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A Sanskrit English Dictionary | sa  en |   | 
गिरि—व्रज  m. m. ‘mountain-fenced’ N. of the capital of मगध, [MBh.]; [Hariv. 6598]; [R. i, ii]; [VarBṛS.]

Puranic Encyclopaedia  | en  en |   | 
GIRIVRAJA   A city which has gained great importance in all the Purāṇas of India.
1) Origin.
There was once a King named Kuśa in the Pūru dynasty. (For genealogy see under ‘Gādhi’). This Kuśa begot of his wife, Vaidarbhī, four sons named Kuśāmba, Kuśanābha, Asūrtarajasa and Vasu. Each of them built a city of his own and started his rule there. Girivraja is the magnificent city built by Vasu. [Sarga 32, Bāla Kāṇḍa, Vālmīki Rāmāyaṇa].
2) Jarāsandha's rule.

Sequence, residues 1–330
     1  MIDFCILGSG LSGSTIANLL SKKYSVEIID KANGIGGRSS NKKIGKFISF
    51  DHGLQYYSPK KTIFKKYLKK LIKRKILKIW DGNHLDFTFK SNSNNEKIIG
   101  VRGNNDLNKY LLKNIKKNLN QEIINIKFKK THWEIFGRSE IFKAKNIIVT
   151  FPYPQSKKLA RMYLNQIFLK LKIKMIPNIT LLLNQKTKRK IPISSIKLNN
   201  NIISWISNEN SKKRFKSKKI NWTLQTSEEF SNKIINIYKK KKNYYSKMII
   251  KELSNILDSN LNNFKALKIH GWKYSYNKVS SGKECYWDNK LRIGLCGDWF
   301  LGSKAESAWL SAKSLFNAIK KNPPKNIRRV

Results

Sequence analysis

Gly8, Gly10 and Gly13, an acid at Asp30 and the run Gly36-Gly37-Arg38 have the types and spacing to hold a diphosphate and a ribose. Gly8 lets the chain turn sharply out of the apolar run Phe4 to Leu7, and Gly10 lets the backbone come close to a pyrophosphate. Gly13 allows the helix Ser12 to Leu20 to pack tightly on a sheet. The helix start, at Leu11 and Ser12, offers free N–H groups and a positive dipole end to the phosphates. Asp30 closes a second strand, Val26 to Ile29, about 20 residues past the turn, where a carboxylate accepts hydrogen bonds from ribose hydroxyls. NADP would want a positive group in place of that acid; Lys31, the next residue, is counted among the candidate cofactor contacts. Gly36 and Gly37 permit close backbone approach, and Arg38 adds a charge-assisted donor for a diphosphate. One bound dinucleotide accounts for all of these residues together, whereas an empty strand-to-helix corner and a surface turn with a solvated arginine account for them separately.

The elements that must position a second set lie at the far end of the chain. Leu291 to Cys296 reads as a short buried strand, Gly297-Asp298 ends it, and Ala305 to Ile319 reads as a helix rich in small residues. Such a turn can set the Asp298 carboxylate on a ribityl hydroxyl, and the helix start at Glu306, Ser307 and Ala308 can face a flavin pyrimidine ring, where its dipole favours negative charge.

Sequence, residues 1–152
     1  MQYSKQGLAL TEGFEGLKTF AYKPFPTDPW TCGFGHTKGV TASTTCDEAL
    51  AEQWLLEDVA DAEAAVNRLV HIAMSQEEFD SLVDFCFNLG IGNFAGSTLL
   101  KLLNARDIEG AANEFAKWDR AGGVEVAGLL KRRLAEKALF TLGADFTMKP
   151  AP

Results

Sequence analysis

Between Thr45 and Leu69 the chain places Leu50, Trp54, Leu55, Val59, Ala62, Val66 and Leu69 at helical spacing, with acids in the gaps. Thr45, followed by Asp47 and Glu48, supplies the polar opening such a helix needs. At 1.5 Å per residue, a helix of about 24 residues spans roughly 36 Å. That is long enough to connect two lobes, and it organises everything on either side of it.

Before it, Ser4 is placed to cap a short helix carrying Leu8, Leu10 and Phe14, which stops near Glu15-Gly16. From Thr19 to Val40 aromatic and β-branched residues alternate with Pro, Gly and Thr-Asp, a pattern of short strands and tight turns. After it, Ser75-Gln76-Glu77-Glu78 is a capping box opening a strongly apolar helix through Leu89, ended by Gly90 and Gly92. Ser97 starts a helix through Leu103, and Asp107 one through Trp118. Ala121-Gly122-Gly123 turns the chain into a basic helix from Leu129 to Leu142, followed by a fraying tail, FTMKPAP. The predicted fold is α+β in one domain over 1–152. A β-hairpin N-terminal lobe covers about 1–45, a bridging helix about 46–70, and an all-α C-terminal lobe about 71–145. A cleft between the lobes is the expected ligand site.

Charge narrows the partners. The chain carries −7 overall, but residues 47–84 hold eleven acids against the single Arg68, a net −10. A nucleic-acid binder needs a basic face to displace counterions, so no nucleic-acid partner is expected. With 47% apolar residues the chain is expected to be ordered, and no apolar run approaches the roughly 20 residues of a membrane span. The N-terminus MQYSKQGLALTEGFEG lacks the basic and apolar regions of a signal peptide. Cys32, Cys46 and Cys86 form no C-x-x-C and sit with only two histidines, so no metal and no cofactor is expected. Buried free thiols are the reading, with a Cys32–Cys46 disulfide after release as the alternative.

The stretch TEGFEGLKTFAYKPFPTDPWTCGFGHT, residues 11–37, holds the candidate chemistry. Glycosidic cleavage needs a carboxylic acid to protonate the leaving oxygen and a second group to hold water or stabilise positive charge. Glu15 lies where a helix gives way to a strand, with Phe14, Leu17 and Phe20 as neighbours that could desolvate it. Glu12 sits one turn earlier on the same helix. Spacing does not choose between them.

Vasu had a son named Bṛhaḍratha and Jarāsandha was the son of Bṛhadratha. During the rule of Jarāsandha Girivraja became glorious like Nandanodyāna. This city lying in the midst of five mountains was the seat of prosperity then. [Chapter 21, Sabhā Parva]. Jarāsandha kept many mighty kings of his time, as prisoners in this city. Unable to control his wrath against Kṛṣṇa once he hurled his mace a hundred times and threw it from Girivraja to Mathurā. Śrī Kṛṣṇa, Bhīmasena and Arjuna entered Girivraja in disguise and engaging Jarāsandha in a duel killed him and crowned his son as King. [Chapter 24, Sabhā Parva]. Once King Duṁdhumāra abandoning the gifts offered by the devas came and slept in Girivraja. [Śloka 39, Chapter 6, Anuśāsana Parva].

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